I don’t think I’ve ever seen a dog turd on a Korean street and even if there were it would only be a little thing as most Korean dogs are handbag dogs and incapable of passing anything more than a few pellet sized faeces. And yet Koreans never wear shoes inside their houses and often don’t wear them in workplaces.

When you live in a room which is barren of carpets your awareness of your own bodily debris grows. When you have a carpet you assume that the bit of nail you blow onto the carpet, or the bogey you roll and flick onto that beautiful Axeminster, simply vanishes. I can flick a toe nail across the room and know that in a day or two it will reappear in my dustpan along with a grain or two of rice, a few hairs and other bits of fluffy stuff. Occasionally I’ll spit out a nail to deliberately see when and where it will re-emerge.

I’ve noticed there are rarely any hairs on the central part of the floor because these are blown to the edges of the room by the draft from open windows and passing bodies and for some reason, the biggest trap of body hair are the sliding door groves. Every few weeks I need to clean these out. Pubic hair has the most amazing ability to float into places like your fridge or kitchen work-surface and though you might find this abhorrent and are thankful that your carpet seizes them before they become visible, I’d rather  see the occasional curly devil on a plate or in the fridge than lurking in the pile of some horrid carpet, rotting slowly among years of bodily refuse, embedded and matted with all sort of unthinkable crap, dead skin cells, bogeys, shoe dirt, dog and cat muck, grit, rain water etc, etc. And then, thinking we are being hygienic, we sprinkle the carpet with floor powders that temporarily scent the air. What happens to them once they have embedded themselves in the carpet? I doubt such powders disappear.

I live alone and so my observations are based on my own bodily sheddings but how greater the pollution if you live with other people or a family and have pets. Carpets are such filthy things and what we do with them is not much different to that other dirty British habit, thankfully disappearing, of blowing gunge out your nose and into a hanky which you then keep warm and moist in your pocket, the perfect environment for viruses and bacteria, before putting your face back into it and snorting out another load.  Having a carpet on your floor is a little like sleeping in the same bedding without ever washing it.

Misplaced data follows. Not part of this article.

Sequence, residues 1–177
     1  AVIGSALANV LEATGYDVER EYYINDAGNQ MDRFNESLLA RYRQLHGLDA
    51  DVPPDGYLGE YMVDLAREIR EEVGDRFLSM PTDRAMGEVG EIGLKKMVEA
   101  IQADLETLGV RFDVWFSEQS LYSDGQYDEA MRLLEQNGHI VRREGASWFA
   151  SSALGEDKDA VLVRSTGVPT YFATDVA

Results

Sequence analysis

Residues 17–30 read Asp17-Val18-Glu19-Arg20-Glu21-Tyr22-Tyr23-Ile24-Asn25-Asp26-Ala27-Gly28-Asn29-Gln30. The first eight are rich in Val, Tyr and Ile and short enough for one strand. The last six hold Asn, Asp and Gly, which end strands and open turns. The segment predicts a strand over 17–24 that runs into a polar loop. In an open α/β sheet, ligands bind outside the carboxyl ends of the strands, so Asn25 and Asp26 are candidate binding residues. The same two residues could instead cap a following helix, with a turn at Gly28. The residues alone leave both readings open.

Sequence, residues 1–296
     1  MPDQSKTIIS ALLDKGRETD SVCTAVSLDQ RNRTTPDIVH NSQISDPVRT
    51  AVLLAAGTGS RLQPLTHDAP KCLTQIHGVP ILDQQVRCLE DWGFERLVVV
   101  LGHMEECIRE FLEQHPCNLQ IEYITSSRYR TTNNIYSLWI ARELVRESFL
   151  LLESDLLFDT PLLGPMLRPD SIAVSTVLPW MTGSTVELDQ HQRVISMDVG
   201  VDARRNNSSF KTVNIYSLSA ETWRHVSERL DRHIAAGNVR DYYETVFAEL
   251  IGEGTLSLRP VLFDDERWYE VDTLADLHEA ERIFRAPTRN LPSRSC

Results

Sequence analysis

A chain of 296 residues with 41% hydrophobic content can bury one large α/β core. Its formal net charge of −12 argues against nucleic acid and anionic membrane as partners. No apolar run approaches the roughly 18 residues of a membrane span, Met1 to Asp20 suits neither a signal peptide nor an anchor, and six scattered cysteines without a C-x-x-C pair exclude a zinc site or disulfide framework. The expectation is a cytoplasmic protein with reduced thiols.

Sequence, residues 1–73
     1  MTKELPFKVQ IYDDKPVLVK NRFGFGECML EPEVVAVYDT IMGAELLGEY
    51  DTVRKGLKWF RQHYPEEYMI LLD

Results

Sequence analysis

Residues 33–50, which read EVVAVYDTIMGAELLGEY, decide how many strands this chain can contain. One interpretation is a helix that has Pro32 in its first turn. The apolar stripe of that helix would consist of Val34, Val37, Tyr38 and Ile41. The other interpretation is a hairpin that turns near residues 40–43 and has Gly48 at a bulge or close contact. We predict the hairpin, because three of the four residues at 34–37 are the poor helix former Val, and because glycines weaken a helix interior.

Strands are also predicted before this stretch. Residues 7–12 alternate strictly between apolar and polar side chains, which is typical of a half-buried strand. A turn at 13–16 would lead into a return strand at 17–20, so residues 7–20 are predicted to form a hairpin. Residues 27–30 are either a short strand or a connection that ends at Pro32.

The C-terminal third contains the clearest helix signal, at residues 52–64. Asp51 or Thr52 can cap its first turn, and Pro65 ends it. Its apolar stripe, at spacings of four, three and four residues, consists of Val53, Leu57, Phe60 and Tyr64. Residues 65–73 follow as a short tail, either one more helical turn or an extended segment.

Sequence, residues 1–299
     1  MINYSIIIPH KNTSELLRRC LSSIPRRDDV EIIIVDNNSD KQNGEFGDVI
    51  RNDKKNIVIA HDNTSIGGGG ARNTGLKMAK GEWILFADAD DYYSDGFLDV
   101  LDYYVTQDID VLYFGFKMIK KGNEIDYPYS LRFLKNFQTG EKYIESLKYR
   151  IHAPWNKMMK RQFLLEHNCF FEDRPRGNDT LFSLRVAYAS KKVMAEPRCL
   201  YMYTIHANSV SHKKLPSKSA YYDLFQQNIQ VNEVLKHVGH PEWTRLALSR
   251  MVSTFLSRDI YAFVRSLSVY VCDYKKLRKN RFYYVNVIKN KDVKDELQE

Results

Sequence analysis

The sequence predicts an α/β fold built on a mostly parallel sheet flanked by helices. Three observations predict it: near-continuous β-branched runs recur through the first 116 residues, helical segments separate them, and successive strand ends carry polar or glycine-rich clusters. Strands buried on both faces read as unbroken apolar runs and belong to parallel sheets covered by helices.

Cleaning a carpetless room is a joy because it’s effortless and now Samsung have even marketed a robotic floor cleaner that cleans your floor when you are out. Everything is exposed in a Korean room as there are few true hiding places. And if you want to wash the floor or give it an occasional scrub or douse it in bleach, well that too, is easy. Carpets can’t be washed and I’m sure all carpet shampoo does is drive the dirt deeper and enliven their parched innards. There is probably a surge in a carpet’s bacterial and fungal population following a shampoo.

In Korea, many westerners don’t remove shoes indoors preferring to stick to their own customs and there are others, myself included, who will occasionally wear shoes on their floor if for someone reason they have to return briefly indoors because they’ve forgotten something. This is a habit I am trying to break but when you’re in a rush it is difficult. You very, very rarely see Koreans walk on their living space floor wearing shoes, not even for a few seconds. I have noticed that on the odd occasion I have breached Korean custom, I have subsequently felt the deposited dirt left by my shoes, when barefooted. You can’t see it but it’s there despite the fact you only walked on the floor for a few seconds.

Korean students, especially younger ones, will sometimes cringe and tell me how dirty I am if I suck my pen. Often they will shout ‘ji ji’ (dirty) which is the word used to small kids and in the same category as English words like ‘pooh pooh’, ‘wee-wee’ and ‘tinkle’. If sucking a pen is a little ‘ji ji’ then having a carpet or rug is infinitely dirtier, indeed it is positively filthy! Next time you flick some item onto your Korean floor, just remember, it’ll be back!

지지 – dirty – (but a word used to small children), haggwon – 학원 – a private school like a homework club or after school study center.



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© Nick Elwood 2010. Creative Commons Licence.